Sugumar and writer-director-editor Priya Krishnaswamy speak about how they cast nearly 80 artistes to tell their story strongly.
We focused on finding realistic characters: Baaram casting director-actor Sugumar Shanmugam
Panjim - 26 Nov 2018 0:00 IST
Updated : 21 Dec 2018 16:35 IST
Perfect casting can make all the difference to a film. Films set in rural India often throw up acting gems.
Speaking about the artistes in the Tamil film Baaram, Sugumar Shanmugam, the film's casting director, said, “Since it is based on a real story, Priya was very clear that it shouldn’t have commercial acting, which meant no people who were experienced in front of a camera. We focused on realistic characters through which we could narrate the story more strongly. Hence, we had a 15-day workshop before the shoot. In the workshop, we blocked out the scenes and rectified the mistakes of the actors. This is how it worked.”
Baaram is a 92-minute film about the social practice of Thalaikoothal, meaning cold bath, a euphemism for mercy killing of the elderly.
Remarkably, the practice of using different ways to put elderly family members to sleep has social sanction. Baaram follows the story of one old man, Karuppasamy, and his sudden death after an accident in which he suffers a hip injury.
Baaram has been written, directed and edited by Priya Krishnaswamy. The film was screened in the Indian Panorama section at the 49th International Film Festival of India (IFFI) in Goa.
The film effectively exposes a social evil through in-depth research, realistic performances, camerawork and unobtrusive editing. The film features veteran actor Dr R Raju, who is the head of the acting department at Pondicherry University. Casting director Sugumar plays an activist and Karuppasamy’s nephew who strives to expose the evil of Thalaikoothal.
Priya, who has previously made Gangoobai (2013), starring Sarita Joshi, said she felt she had a simple story at hand but ended up needing 80 characters. “No way can you cast 80 actors!" she said. "When I came to the actors, I told them they had to stick to the content, but they are allowed to improvise. That brought in a fluidity into the way they interpreted it. We were very clear that a scene has to begin with this and end with that because it will link into the next scene. I’m an editor by training so I know you can’t just devise it out of thin air.”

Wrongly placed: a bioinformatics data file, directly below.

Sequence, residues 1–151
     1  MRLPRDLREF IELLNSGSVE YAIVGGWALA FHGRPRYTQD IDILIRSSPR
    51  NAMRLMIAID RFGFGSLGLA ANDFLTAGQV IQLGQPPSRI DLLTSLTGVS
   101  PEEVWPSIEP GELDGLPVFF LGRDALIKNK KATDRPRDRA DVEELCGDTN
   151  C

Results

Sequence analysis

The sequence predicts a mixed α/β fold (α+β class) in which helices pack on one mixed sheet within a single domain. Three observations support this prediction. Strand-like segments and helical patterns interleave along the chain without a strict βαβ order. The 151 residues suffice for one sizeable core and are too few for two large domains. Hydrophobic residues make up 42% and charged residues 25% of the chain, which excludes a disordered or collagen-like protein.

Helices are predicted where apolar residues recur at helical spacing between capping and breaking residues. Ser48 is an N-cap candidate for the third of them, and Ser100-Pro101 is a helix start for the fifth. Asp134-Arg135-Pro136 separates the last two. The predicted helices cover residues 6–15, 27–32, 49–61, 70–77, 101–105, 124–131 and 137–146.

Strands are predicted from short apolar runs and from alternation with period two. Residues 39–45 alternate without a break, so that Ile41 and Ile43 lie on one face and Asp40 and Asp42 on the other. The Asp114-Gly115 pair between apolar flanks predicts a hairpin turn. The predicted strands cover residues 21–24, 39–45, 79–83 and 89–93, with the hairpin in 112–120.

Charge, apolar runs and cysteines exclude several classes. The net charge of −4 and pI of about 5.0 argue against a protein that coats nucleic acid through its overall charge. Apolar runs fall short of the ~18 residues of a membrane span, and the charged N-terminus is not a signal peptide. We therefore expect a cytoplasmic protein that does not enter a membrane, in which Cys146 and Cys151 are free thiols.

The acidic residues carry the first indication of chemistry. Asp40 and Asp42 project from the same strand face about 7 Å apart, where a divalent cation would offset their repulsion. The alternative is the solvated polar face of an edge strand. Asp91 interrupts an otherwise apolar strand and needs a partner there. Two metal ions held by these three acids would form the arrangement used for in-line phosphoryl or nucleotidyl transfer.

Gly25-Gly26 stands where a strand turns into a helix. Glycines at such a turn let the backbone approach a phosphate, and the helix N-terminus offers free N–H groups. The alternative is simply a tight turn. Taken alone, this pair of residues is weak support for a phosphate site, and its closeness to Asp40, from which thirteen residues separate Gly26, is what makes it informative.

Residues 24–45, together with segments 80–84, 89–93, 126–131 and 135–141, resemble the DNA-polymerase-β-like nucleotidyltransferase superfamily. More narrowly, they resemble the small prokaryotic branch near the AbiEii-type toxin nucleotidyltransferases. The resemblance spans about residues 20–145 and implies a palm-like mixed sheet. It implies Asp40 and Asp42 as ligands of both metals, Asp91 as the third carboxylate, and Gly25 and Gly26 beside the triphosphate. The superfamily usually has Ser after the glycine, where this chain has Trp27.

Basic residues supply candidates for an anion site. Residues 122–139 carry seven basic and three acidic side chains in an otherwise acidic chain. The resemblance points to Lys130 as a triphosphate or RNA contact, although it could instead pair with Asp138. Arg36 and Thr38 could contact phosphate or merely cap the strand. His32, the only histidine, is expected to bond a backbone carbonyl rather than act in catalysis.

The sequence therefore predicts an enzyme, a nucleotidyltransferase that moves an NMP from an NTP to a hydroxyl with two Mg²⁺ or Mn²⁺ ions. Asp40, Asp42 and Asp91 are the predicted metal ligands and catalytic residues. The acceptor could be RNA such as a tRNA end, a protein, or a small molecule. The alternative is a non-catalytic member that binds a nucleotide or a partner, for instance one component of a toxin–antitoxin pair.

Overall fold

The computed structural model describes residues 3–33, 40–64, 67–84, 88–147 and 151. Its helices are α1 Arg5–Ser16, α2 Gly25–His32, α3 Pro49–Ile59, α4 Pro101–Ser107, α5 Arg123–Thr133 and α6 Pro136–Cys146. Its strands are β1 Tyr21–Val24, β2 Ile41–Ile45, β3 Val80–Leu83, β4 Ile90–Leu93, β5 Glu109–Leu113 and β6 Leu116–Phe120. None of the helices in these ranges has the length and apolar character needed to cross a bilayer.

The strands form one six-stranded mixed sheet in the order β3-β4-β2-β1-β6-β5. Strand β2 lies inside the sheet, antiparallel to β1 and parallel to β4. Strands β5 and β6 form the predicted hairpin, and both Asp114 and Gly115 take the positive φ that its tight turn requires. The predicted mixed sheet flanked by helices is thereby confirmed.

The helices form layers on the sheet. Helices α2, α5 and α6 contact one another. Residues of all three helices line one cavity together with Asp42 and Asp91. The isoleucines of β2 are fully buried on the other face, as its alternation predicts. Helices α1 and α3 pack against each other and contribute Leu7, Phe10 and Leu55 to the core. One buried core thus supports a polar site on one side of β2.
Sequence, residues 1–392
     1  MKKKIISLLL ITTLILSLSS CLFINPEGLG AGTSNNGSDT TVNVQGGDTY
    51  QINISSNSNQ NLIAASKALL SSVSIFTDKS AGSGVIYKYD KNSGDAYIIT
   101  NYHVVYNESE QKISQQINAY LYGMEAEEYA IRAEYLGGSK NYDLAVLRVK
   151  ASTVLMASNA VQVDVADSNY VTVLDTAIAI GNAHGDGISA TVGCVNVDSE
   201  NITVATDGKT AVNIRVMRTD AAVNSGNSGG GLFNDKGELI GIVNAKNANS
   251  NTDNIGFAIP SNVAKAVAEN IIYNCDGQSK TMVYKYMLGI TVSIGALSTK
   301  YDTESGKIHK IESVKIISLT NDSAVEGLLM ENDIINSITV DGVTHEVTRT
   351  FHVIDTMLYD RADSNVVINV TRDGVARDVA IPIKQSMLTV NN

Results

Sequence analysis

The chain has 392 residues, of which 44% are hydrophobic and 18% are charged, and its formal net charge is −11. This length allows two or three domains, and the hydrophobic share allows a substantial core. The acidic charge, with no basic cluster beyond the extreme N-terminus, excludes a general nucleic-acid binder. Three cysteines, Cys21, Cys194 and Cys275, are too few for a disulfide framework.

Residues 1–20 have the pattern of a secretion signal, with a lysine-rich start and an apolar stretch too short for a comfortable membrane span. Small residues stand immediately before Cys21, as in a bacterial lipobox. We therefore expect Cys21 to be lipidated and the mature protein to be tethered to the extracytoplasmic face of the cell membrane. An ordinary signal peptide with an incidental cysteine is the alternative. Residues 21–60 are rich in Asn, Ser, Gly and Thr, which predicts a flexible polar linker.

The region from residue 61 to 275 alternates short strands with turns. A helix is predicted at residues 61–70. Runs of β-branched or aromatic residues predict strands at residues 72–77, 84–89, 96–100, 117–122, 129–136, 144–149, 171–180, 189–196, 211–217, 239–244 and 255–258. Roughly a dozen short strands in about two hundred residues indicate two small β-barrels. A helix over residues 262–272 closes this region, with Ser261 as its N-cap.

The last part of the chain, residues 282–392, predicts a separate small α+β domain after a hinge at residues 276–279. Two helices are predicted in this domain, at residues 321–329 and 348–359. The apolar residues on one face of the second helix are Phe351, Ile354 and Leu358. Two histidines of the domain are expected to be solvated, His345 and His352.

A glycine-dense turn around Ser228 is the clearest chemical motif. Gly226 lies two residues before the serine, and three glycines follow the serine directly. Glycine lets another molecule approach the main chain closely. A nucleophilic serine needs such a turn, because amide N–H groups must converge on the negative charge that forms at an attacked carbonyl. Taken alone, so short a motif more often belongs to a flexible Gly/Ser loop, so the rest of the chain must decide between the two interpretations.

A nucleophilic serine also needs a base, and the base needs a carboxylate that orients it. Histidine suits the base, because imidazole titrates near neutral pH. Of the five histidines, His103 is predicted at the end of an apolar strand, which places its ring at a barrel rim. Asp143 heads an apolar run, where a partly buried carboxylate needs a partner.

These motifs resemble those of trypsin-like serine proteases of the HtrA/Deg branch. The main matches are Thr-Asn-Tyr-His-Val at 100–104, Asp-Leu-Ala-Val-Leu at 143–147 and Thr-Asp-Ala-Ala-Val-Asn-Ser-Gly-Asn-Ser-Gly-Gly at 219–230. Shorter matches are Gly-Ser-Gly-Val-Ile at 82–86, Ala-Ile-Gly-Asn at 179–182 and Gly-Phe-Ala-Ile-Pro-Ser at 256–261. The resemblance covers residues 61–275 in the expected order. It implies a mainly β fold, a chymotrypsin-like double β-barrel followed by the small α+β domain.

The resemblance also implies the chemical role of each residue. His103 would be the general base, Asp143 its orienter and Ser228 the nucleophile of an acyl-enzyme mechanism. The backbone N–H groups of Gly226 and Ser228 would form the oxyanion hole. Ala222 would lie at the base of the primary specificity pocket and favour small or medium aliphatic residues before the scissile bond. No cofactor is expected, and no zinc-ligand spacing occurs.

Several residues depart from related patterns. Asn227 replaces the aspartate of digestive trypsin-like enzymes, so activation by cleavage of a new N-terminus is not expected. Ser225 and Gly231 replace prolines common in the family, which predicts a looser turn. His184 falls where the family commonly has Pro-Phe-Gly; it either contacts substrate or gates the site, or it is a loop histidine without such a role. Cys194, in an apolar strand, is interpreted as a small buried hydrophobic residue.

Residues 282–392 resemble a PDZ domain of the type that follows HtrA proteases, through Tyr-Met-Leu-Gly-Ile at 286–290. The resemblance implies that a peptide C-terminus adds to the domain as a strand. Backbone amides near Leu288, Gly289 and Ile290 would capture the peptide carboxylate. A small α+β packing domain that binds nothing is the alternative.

Priya also narrated how she found Dr Raju to play the 65-year-old Karuppasamy. “It was amazing, but a difficult role to cast," she said. "A 65-year-old with a certain amount of art that I can’t see. I knew Pondicherry University has a great drama department because I had seen them. Baaram is a story of a community, and I couldn’t create the sense of a community with strangers. So I knew I had to pick up my characters en masse.
"My daughter, who is a producer, reminded me of a play we saw in Cuddalore. I went to Auroville [in Pondicherry] and a friend suggested I meet this guy who could help. He was HoD [head of department] at Pondicherry University at that time. I sat opposite him and asked, ‘Sir, do you still act?’ He was, yes I do. No test, no nothing. Later I discovered that he studied at the National School of Drama under Ebrahim Alkazi!”
Sugumar is currently pursuing his doctorate in theatre from the department of performing arts at Pondicherry Central University. His major areas of research are characterization, actor’s physiology and bio-psychology.
Sugumar said there are two types of casting for any project. “One is taking professional actors," he explained. "Once we pick them, we need to turn them into a character.
"The second way is that there are already characters existing. But if we pick them, we need to conduct workshops for them to face the camera. For both kinds of casting we need workshops — one for the character and the other for the camera.
"We chose the second type of casting process. We travelled a lot in villages and found the right people [for Baaram]. We had auditions on the spot.”